June 27, 2017

The judiciary is supposed to be an independent arm of the State

Dear Editor,

It is ironic that the conduct of the Attorney-General and Minister of Legal Affairs in Justice Holder’s Court took place during the hearing of the suspension of the holder of an independent constitutional office by the President acting on the advice of his next in command, Prime Minister Moses Nagamoottoo.

It is public knowledge that the President allegedly called in Carvil Duncan, the Chairman of the Public Service Commission, a member of the Judicial Service Commission and the Police Service Commission. He admitted demanding his resignation from these commissions, asserting at the same time that he did not want blood spilled upon his carpet.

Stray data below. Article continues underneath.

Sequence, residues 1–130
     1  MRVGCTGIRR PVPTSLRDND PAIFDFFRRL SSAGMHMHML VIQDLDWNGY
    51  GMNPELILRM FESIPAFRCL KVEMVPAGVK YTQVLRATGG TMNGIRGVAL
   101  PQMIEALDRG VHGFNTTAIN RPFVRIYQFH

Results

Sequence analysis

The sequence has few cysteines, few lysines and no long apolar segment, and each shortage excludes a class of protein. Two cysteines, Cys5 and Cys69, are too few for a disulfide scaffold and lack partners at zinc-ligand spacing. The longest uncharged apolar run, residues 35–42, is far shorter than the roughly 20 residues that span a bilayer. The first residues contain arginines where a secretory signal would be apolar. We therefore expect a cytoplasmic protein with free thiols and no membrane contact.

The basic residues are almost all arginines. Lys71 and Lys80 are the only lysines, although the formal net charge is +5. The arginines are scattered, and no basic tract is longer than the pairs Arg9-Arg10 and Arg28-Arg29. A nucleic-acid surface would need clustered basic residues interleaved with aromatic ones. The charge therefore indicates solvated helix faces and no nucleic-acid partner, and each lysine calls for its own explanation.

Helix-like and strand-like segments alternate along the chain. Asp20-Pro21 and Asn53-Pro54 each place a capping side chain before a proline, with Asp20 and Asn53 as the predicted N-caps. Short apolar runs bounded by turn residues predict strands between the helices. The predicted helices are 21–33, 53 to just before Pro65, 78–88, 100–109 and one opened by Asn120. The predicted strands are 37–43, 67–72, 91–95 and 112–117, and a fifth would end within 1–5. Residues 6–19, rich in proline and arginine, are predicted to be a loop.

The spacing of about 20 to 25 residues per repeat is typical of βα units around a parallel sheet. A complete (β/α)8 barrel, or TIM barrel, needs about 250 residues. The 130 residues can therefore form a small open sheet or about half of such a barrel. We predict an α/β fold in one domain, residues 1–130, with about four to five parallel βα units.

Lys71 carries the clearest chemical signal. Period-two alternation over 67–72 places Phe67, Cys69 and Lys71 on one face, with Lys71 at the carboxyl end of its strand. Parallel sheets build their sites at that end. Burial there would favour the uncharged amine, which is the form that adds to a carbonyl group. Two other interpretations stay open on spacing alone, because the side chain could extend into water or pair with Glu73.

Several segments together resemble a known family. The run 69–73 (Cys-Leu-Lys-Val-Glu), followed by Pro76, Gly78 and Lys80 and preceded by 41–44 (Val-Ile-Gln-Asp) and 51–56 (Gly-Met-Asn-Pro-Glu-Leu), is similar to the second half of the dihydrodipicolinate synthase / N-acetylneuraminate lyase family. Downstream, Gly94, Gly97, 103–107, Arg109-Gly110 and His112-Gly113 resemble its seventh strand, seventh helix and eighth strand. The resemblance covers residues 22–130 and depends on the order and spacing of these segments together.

It is unknown if Justice Holder’s Court is fitted with carpet but the accusations/complaints made by him and the Attorney-General and Minister of Legal Affairs seems to have left one of them with a bloodied nose.

Seeking the intervention of the President has certainly exposed the Judiciary as a whole as a cowering arm of the State in violation of the concept of the separation of powers.

The judiciary is supposed to be an independent arm of the State and the suspension of an office Holder, i.e. Duncan, may explain justly the action of the Chancellor (ag). She may be excused for thinking that if he can be suspended she can suffer the same fate if the judges were to sanction the Attorney General and Minister of Legal Affairs.

 

Sincerely,

Dr Roger Luncheon